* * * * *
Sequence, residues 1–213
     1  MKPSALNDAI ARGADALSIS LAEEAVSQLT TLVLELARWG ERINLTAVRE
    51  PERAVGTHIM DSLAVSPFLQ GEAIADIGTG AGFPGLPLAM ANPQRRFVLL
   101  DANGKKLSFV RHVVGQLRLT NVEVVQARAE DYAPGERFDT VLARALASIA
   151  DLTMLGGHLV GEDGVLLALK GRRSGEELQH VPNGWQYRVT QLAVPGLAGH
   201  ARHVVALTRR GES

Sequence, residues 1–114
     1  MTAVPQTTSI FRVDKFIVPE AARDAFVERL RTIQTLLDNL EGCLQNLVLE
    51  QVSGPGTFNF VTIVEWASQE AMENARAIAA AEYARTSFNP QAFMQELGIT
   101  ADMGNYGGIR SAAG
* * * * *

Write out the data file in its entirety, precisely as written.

Sequence, residues 1–213
     1  MKPSALNDAI ARGADALSIS LAEEAVSQLT TLVLELARWG ERINLTAVRE
    51  PERAVGTHIM DSLAVSPFLQ GEAIADIGTG AGFPGLPLAM ANPQRRFVLL
   101  DANGKKLSFV RHVVGQLRLT NVEVVQARAE DYAPGERFDT VLARALASIA
   151  DLTMLGGHLV GEDGVLLALK GRRSGEELQH VPNGWQYRVT QLAVPGLAGH
   201  ARHVVALTRR GES

Sequence, residues 1–114
     1  MTAVPQTTSI FRVDKFIVPE AARDAFVERL RTIQTLLDNL EGCLQNLVLE
    51  QVSGPGTFNF VTIVEWASQE AMENARAIAA AEYARTSFNP QAFMQELGIT
   101  ADMGNYGGIR SAAG